Mike Lockley editor of the Chase Post which is being closed by Trinity Mirror Midlands: "Times and technology change, people’s desire to know what’s happening in their community doesn’t. A town without its own weekly newspaper is a town without a heart."
The Times in a leader: "It is obvious that News International’s failure to heed the alarms over phone hacking has been a disaster. It has had to accept the resignation of its chief executive and her predecessor, as well as abandon proposals to buy out BSkyB. The lesson is clear: the company should always be its harshest critic and its own most assidous investigator. A powerful organisation with a victim complex has the capacity to do great damage, not least to itself."
Ex-News of the World journalist Tom Latchem in the Independent on Sunday on the arrest of Sun reporter Jamie Pyatt: "It does not surprise me that the corporation handed over a dossier against Pyatt to the authorities. This, remember, is a company that axed 220 jobs to save the skin of one woman: Rebekah Brooks, the chief executive who resigned days after the NoTW closed. Pyatt's arrest highlights again the ruthless survival mentality of the Murdoch clan: it is in damage-limitation mode again, as another of its newspapers finds itself in danger of self-combusting."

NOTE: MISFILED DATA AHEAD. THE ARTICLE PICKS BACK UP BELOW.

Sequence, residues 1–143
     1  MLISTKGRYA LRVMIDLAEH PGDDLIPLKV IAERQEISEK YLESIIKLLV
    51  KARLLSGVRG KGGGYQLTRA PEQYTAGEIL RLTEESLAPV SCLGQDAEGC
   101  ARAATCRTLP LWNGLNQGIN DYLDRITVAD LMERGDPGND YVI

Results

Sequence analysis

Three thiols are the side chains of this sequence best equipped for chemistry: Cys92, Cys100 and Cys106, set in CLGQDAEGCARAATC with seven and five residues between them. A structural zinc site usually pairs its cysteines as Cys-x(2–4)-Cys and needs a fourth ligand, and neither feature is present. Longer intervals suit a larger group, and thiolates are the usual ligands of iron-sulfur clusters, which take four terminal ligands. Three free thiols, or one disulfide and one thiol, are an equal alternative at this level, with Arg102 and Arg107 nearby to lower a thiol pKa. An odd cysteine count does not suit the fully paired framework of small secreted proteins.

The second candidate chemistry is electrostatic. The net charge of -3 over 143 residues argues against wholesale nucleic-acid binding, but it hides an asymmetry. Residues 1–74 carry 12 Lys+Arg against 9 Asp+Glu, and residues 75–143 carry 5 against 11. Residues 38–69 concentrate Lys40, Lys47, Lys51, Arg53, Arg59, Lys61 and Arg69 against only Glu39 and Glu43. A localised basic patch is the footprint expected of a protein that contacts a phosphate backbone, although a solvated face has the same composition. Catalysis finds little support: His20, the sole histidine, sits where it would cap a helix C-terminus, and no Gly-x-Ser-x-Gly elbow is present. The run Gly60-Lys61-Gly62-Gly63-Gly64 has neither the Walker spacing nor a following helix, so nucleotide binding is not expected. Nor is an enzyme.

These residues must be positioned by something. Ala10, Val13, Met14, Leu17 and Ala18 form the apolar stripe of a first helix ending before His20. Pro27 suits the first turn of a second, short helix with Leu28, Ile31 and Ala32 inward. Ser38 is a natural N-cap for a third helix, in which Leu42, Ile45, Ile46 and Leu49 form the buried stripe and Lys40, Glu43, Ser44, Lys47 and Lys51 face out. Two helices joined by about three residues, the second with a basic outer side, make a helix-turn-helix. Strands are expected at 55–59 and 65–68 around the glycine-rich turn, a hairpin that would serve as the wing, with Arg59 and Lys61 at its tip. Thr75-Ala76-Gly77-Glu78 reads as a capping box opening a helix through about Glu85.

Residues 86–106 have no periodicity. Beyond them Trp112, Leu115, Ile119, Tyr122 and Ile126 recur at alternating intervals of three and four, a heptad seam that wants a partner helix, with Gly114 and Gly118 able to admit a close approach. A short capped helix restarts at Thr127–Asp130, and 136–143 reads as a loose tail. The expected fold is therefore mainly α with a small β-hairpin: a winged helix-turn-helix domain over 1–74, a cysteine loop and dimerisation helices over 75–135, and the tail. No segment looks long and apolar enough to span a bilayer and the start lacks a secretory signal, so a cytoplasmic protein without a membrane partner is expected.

Ex-News of the World reporter Neville Thurlbeck in Press Gazette: "If you still think me guilty of the Gordon Taylor hacking in any way, shape or form. And if you believe I was fairly dismissed, please consider this. I have chosen not to take the offer of potential immunity from prosecution. I stake my very liberty on the truth of what I say. That makes me a fool or an innocent man."
New Press Complaints Commission chairman Lord Hunt, interviewed in the Guardian: "I think the greater challenge is with the bloggers, whether it's Guido Fawkes or whoever."
Guido Fawkes responds via Twitter: "Message to new PCC chairman Lord Hunt: You can't touch me."
Tom Watson MP in letter ot Society of Editors on what he would have like to have done if able to attend the SoE conference: "I would also have taken a pot shot at Lord Patten’s lugubrious speech justifying the BBC not being able to adequately investigate the phonehacking scandal. The DCMS committee published a report that found Rupert Murdoch’s executives guilty of “collective amnesia”. We found it “inconceivable” that others were not involved in hacking. Where was Nick Robinson, the most powerful political editor in the land, during this period? Kissing Andy Coulson’s arse."
New Johnston Press boss Ashley Highfield interviewed in The Herald: “The opportunities are very clear with Johnston Press, as with other regional publishers, because the brands of the local newspapers are incredibly strong in local communities. The trick is to help move those brands into the digital age and get the right balance between print and digital."
NUJ general secretary Michelle Stanistreet on the Leveson Inquiry: "It is vital that the newspaper bosses are not allowed to dominate this inquiry and that the concerns, experiences and views of ordinary working journalists are placed firmly at its heart."